It’s a picture-perfect day in Southern California. The sun is beating down on this Carlsbad beach, where volleyballs hit the sand and surfers paddle out into the waves. Just steps from here, the salty water lapping the shore is being transformed.
This beach neighbors the largest desalination facility in the Western Hemisphere. The Carlsbad Desalination Plant uses a complex web of pipes, tanks and specialized filters to pull salt and impurities out of ocean water, turning it into part of the drinking supply for San Diego County.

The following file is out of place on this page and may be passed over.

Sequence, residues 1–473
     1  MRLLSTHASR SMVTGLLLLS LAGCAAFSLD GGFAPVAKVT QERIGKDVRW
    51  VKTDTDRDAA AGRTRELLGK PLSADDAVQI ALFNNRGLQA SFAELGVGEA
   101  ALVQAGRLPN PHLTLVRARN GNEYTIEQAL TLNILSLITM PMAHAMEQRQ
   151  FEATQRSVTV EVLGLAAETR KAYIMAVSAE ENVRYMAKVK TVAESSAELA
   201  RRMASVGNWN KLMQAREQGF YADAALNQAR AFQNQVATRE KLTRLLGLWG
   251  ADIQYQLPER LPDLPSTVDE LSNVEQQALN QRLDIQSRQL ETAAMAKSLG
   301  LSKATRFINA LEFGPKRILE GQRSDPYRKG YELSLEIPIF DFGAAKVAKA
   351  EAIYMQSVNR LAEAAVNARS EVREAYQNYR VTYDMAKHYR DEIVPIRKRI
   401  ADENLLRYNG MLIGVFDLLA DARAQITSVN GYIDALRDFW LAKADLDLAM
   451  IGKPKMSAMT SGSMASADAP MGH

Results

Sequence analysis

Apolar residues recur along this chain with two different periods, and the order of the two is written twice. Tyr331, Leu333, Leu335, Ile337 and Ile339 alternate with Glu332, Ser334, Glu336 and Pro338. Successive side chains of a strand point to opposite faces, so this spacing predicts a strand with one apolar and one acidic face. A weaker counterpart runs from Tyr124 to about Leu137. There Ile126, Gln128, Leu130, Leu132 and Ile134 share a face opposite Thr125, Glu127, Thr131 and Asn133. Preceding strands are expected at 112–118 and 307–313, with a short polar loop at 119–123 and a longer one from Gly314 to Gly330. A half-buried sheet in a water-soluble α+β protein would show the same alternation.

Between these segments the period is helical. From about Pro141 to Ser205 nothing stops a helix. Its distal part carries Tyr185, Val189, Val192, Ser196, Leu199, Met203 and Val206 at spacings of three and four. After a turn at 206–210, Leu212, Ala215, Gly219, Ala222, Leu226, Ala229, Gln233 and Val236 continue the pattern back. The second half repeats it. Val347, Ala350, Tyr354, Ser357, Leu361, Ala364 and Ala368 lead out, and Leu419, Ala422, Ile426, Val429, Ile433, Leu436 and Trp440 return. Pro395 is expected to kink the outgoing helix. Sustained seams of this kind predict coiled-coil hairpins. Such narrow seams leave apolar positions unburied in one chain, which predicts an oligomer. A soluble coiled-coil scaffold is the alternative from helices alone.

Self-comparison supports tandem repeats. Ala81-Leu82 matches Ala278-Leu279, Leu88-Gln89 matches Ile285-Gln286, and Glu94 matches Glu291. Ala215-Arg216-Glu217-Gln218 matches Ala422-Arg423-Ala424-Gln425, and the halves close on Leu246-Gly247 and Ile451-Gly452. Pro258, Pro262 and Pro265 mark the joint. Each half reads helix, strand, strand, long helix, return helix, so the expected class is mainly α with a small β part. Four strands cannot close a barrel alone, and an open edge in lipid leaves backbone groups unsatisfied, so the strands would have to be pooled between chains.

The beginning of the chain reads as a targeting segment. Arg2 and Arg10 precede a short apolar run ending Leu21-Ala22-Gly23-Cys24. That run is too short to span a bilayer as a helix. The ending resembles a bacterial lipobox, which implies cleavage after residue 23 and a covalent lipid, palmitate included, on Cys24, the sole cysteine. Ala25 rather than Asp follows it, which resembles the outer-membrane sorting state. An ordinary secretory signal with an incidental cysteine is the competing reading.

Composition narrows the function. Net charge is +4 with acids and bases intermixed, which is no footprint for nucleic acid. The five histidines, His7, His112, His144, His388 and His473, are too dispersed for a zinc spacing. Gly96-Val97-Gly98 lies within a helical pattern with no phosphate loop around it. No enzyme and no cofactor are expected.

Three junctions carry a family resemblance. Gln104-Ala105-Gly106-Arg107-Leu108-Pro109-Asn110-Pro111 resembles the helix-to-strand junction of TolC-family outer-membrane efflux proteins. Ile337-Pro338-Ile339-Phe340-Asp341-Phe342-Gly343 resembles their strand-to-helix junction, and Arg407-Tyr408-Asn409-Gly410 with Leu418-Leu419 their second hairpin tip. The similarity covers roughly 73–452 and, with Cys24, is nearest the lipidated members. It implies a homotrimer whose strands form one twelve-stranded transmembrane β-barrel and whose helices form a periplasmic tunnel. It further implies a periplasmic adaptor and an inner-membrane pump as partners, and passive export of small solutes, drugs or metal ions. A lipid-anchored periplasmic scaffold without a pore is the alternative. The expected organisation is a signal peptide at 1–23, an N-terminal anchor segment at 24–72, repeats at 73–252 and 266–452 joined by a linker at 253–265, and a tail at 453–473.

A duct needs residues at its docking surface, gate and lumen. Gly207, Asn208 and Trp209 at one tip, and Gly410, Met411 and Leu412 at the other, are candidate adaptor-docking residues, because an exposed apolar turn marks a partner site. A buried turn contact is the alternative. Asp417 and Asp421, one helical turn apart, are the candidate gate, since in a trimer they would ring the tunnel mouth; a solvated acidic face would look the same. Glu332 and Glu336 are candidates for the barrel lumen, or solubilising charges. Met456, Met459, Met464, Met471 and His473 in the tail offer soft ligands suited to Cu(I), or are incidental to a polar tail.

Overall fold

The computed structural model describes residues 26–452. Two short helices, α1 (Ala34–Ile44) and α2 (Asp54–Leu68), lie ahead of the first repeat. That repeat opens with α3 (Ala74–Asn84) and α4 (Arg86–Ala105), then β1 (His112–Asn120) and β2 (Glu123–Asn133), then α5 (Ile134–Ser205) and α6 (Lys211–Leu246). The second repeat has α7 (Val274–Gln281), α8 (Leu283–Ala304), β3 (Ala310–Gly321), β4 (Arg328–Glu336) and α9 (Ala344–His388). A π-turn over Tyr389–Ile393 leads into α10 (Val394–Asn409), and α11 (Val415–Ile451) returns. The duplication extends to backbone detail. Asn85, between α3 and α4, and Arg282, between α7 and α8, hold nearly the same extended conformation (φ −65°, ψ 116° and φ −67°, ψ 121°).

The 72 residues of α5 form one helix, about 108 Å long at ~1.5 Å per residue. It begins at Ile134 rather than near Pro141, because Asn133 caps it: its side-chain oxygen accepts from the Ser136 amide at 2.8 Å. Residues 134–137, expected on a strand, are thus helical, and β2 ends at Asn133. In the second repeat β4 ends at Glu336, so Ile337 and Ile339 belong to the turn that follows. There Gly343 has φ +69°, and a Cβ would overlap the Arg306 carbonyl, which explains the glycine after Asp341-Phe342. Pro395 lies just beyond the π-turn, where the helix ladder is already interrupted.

Water managers are feeling the crunch of a supply-demand imbalance along the Colorado River. Fresh water reserves are shrinking as climate change squeezes the river that supplies 40 million people and fields of crops across seven states. Some have proposed desalination technology as a way to augment that supply, easing the strain on a river that supplies a growing population from Wyoming to Mexico. Experts say it could be part of the solution, but likely won’t make much of a dent in the region’s water crisis.
At the Carlsbad plant, former seawater poured into a cup from a freshwater spigot. Michelle Peters, technical and compliance manager for plant operator Poseidon Water, held it and took a drink.
“At 10 a.m, the morning surfers were swimming in it off the coast in the ocean here,” she said. “Now it’s high-quality drinking water, ready for consumption.”